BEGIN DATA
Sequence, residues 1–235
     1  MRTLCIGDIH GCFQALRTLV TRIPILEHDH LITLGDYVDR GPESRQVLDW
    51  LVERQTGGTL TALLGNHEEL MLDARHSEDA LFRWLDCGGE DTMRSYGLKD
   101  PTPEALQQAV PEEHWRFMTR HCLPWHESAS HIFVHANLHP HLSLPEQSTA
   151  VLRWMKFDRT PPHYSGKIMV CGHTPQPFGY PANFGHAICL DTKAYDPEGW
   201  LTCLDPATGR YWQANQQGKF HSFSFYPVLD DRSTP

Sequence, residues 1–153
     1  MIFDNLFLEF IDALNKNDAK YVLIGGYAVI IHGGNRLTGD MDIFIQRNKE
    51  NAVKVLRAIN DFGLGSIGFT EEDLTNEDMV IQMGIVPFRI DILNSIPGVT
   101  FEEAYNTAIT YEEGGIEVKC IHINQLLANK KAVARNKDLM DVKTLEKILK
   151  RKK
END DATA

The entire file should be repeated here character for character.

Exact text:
Sequence, residues 1–235
     1  MRTLCIGDIH GCFQALRTLV TRIPILEHDH LITLGDYVDR GPESRQVLDW
    51  LVERQTGGTL TALLGNHEEL MLDARHSEDA LFRWLDCGGE DTMRSYGLKD
   101  PTPEALQQAV PEEHWRFMTR HCLPWHESAS HIFVHANLHP HLSLPEQSTA
   151  VLRWMKFDRT PPHYSGKIMV CGHTPQPFGY PANFGHAICL DTKAYDPEGW
   201  LTCLDPATGR YWQANQQGKF HSFSFYPVLD DRSTP

Sequence, residues 1–153
     1  MIFDNLFLEF IDALNKNDAK YVLIGGYAVI IHGGNRLTGD MDIFIQRNKE
    51  NAVKVLRAIN DFGLGSIGFT EEDLTNEDMV IQMGIVPFRI DILNSIPGVT
   101  FEEAYNTAIT YEEGGIEVKC IHINQLLANK KAVARNKDLM DVKTLEKILK
   151  RKK